North Korea grants last-minute invitation to South Korean journalists to attend nuclear test site dismantling

Eight reporters from Seoul rushed in South Korean military plane to join other foreign journalists on trip to site

Adam Withnall
Asia Editor
Wednesday 23 May 2018 09:29 BST
Trump admits Singapore summit may be delayed

North Korea has provided last-minute permission for journalists from South Korea to attend the dismantling of a nuclear testing site, a small step forward in a rapprochement that had appeared to be stalling.

Eight reporters from Seoul were rushed in a South Korean military plane to join other foreign journalists in the North Korean port city of Wonsan.

From there, they will all be taken via a 12-hour train journey, several hours on a bus and then an hour-long hike to the Punggye-ri site, deep in the mountains of the country’s sparsely-populated north-east.

North Korea promised to shut down the facility there as part of an unexpected offer to end its nuclear programme, though the terms of any agreement remain unclear.

The foreign journalists have been waiting in Wonsan since they arrived there on Tuesday. They have been told to prepare for the train journey either on Wednesday or Thursday, weather permitting.

North Korea had earlier refused to grant entry visas to the South Korean journalists after Pyongyang cut off high-level contact with Seoul to protest joint US-South military exercises. The U-turn comes after South Korean president Moon Jae-in met with Donald Trump in Washington, and following talks on a newly reopened cross-border communication channel.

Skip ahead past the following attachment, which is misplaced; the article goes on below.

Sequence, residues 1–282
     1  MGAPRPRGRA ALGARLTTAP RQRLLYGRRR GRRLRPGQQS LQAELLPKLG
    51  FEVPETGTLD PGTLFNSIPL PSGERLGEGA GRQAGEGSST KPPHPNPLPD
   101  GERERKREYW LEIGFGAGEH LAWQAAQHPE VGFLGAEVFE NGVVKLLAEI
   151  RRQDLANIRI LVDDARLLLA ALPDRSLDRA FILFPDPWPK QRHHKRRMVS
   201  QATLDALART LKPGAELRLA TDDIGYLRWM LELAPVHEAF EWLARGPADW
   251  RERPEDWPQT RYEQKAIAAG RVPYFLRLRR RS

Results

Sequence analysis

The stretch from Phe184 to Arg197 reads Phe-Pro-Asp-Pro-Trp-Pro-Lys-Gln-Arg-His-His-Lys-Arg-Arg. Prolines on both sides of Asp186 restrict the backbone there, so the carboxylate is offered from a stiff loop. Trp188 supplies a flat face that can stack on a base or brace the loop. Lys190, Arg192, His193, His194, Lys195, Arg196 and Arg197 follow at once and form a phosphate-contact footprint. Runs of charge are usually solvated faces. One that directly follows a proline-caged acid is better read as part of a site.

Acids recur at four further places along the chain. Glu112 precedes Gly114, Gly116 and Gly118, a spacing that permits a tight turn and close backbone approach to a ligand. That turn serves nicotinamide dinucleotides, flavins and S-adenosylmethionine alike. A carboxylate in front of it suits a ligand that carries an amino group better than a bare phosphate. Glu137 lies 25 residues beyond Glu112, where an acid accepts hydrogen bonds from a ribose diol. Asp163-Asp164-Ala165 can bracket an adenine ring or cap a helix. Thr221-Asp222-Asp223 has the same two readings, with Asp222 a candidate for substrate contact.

The group in Wonsan includes a TV crew from the Associated Press news wire service, as well as media from the US, UK, China and Russia.

The North's decision to close the Punggye-ri site comes after it was used in more than half a dozen major nuclear detonation tests, measured as artificial earthquakes by seismologists around the world.

Chinese geologists have previously suggested that the strain of these explosions may have left the site close to collapse, raising questions about the true value of an offer to shut it down now.

Nonetheless, closing the site has generally been seen as a welcome gesture from Kim Jong-un. By inviting foreign media, the North appears to be hoping that dramatic images of explosions at tunnel entrances will be broadcast around the world. Pyongyang has not, however, invited international nuclear inspectors along - a decision which analysts say limits the exercise’s value as a serious concession.

It marks the latest stage of what has been a tumultuous journey towards an unprecedented summit between Mr Kim and Mr Trump - no sitting US president has ever held talks with a North Korean leader before.

Last week, North Korea threatened to pull out of the Singapore summit on 12 June after John Bolton, Mr Trump’s hawkish national security adviser, suggested Kim Jong-un would be offered the “Libyan model” of denuclearisation.

Mr Trump said on Tuesday there was a “substantial chance” the summit would not take place. South Korea hopes the North can be brought back to the table once joint military exercises - dubbed “Max Thunder” - finish on Friday.

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